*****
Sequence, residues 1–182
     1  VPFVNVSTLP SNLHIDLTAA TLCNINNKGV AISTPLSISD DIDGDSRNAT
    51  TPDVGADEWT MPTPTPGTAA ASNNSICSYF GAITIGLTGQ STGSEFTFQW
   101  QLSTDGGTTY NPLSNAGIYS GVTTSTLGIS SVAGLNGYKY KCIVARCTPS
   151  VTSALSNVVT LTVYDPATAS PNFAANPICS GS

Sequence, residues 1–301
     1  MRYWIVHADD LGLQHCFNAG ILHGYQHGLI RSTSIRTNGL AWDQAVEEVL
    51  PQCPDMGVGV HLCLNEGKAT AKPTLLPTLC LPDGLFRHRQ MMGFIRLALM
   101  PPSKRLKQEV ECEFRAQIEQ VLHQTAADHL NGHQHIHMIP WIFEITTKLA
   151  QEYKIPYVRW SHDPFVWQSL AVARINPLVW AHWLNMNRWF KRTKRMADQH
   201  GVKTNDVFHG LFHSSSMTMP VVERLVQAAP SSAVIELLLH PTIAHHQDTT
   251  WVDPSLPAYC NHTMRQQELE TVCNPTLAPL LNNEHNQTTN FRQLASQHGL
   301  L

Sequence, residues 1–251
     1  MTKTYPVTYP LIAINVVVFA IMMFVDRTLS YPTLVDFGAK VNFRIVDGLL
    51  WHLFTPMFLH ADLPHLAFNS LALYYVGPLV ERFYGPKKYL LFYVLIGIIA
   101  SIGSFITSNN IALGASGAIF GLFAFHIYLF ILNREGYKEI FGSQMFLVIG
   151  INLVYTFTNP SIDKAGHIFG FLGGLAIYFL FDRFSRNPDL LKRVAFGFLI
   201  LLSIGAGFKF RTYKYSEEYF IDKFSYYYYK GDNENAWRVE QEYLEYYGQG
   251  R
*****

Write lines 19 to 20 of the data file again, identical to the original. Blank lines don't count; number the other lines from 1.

   201  LLSIGAGFKF RTYKYSEEYF IDKFSYYYYK GDNENAWRVE QEYLEYYGQG
   251  R